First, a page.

Cardiac arrest on a long-haul flight: ‘this brave young nurse saved my life’

As a nursing student, Patient’s Choice nominee Isobel Corrie gave CPR to a fellow passenger

Before the incident, Isobel Corrie had never performed compressions outside of the student environment

Flying home from a two-week holiday in Thailand, Isobel Corrie was looking forward to her graduation from Oxford Brookes University the following week and then starting her first role as a qualified nurse at Warwick Hospital.

She was fast asleep but was woken by the person sitting next her, who told her there was an emergency on board and there had been a call over the tannoy asking for anyone with medical experience.

Flat-line cardiac arrest during the flight

Fellow passenger James Birch, who was also travelling home after a holiday with his partner, had gone into sudden cardiac arrest three and a half hours into the flight.

‘Despite only recently having qualified, an amazing young lady stepped forward when the call for help was made, and pulled me back from a flat-line cardiac arrest,’ says Mr Birch.

‘In the cramped environment of a long-haul aircraft at 38,000 feet she managed the small cabin crew team for 45 minutes until we could divert to a suitable airport with a hospital close by. Thanks to the CPR she administered, and the use of the onboard defibrillator, my life was saved,’ he says.

Read about the rest of our Patient’s Choice finalists below, or click here to vote

‘The emergency care she supervised was so thorough that despite the length of time that the event continued for, I have suffered very little in health consequences as a result.’

‘If she had not stepped forward I would not be here to tell the story’

Mr Birch has nominated Ms Corrie for the Patient’s Choice category of the RCNi Nurse Awards 2020.

He adds that, as a fellow passenger, Ms Corrie was ‘under no obligation to put herself into this stressful and high-pressure situation’.

James Birch with his partner Julie Birch

‘Very few people would have done the same, or with such efficiency and professionalism,’ he says.

‘This brave young lady saved my life when it would have been easier to sit quietly and do nothing.

‘I am in no doubt whatsoever that had she not stepped forward I would not be here to recount the story today. As much as I genuinely believe she deserves this award more than anyone else on earth, it would not be anywhere near enough to express our eternal gratitude for what she did.’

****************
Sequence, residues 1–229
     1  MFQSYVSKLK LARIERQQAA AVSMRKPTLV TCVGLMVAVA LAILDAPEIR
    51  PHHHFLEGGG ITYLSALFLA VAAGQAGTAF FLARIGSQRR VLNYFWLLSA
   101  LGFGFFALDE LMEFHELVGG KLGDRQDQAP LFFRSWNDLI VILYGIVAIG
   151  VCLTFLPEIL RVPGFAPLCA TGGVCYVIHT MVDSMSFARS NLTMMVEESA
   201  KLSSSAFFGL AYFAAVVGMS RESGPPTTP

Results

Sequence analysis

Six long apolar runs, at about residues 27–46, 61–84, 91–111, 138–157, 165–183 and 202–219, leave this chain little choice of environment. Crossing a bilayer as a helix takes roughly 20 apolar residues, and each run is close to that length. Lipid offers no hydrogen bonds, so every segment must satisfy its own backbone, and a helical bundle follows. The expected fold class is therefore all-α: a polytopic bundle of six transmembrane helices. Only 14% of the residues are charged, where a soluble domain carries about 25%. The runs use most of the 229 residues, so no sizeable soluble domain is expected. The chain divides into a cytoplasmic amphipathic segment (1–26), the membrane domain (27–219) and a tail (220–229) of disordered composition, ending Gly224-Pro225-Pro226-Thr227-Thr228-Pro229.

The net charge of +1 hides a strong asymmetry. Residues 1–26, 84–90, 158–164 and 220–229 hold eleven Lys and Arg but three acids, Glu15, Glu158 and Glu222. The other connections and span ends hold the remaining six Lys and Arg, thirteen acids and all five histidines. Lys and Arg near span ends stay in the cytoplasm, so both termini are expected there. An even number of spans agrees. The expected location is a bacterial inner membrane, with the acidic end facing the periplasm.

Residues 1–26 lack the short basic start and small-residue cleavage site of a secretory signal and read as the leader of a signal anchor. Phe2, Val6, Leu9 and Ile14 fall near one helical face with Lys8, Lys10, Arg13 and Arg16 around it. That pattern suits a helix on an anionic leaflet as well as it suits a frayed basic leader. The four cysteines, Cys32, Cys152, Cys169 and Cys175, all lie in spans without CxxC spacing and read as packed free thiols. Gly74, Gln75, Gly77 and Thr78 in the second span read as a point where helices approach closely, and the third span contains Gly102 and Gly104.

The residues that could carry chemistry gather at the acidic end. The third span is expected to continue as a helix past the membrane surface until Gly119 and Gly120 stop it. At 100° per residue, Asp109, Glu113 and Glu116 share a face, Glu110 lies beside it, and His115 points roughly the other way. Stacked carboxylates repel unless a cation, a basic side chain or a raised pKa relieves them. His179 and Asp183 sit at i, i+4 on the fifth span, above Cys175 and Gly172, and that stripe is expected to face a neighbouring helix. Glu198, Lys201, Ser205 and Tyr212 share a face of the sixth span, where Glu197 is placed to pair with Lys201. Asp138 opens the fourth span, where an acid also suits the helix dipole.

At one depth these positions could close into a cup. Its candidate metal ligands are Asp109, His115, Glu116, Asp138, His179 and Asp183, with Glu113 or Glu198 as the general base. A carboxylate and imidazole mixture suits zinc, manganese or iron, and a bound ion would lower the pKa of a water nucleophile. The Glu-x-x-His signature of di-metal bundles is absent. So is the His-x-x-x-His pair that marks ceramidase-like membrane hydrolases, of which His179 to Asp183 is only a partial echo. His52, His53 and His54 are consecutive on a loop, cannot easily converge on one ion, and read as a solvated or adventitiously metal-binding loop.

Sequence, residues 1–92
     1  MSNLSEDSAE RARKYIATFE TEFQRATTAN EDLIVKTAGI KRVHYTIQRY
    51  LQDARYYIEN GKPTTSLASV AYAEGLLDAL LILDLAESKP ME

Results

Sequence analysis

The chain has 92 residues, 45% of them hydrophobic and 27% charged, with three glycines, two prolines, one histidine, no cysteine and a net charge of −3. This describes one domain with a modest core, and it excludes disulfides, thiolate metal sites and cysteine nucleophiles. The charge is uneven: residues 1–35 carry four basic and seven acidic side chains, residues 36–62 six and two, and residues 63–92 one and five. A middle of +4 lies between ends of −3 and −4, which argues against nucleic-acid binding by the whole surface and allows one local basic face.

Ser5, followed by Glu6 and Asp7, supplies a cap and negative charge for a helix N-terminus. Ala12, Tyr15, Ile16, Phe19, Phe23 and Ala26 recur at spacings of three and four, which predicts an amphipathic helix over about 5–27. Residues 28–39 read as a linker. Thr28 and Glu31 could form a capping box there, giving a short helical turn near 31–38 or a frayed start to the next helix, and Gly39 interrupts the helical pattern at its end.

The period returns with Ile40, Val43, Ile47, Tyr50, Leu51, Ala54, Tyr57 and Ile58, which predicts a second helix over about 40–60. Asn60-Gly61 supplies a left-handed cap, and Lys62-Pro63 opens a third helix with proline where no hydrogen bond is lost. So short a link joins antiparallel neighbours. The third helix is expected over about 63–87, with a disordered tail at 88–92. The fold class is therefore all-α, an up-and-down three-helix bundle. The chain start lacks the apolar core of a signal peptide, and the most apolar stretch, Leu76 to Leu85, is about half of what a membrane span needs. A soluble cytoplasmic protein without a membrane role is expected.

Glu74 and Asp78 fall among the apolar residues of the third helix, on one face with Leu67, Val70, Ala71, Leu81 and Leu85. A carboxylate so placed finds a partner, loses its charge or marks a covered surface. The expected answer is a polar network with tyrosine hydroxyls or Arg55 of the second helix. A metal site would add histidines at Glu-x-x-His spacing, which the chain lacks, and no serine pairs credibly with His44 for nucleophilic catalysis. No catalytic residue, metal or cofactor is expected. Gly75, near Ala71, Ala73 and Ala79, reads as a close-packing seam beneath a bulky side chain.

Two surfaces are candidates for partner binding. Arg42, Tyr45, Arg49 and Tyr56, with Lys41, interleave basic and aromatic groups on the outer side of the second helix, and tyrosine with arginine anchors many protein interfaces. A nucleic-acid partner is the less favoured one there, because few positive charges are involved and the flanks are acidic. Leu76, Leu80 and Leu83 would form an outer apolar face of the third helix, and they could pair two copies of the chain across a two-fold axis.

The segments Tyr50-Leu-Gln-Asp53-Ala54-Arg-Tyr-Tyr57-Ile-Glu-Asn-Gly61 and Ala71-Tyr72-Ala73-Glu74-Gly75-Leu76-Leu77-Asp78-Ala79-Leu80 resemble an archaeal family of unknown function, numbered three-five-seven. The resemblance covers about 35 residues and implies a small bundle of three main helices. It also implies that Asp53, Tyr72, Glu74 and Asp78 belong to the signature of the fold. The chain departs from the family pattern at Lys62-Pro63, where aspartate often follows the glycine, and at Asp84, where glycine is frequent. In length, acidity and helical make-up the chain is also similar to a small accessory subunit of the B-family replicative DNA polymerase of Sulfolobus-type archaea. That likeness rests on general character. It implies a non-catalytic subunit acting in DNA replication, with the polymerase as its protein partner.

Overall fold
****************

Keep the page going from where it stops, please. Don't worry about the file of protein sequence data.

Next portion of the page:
Performing CPR for the first time outside of the student environment

Ms Corrie, who now works in the gastrointestinal surgery department at Warwick Hospital, says she is shocked to have been nominated.

‘My first year as a nurse has been a rollercoaster – lots of highs and lows and valuable learning experiences, but this is a real high. I am in such a supportive team and I am enjoying being a nurse so much.’

She says of the incident: ‘I was a bit disorientated from sleep and had only experienced a peri-arrest situation during my training, but I started thinking about my ABCDE [approach to assess the deteriorating patient].

‘Doing compressions for the first time cramped into an aisle was surreal and when you are a student you always have someone watching over you to make sure you are doing it right. I told myself that I was all this man had and I was going to do my best, and that nobody was watching and I was not being judged.’

‘We helped each other after the incident – our own debrief’

Later, she contacted Mr Birch via social media to see how he was.

‘I was finding it hard to process,’ she says. ‘James and his partner could not remember much and were finding it difficult to process too, so we helped each other – it has been our debrief and we remain in contact.’

Voting for the RCNi Patient’s Choice award opens on 17 August and closes at midnight on 28 August. The winner will be announced winner at a virtual ceremony later this year

The RCNi Patient’s Choice award is sponsored by Nursing Standard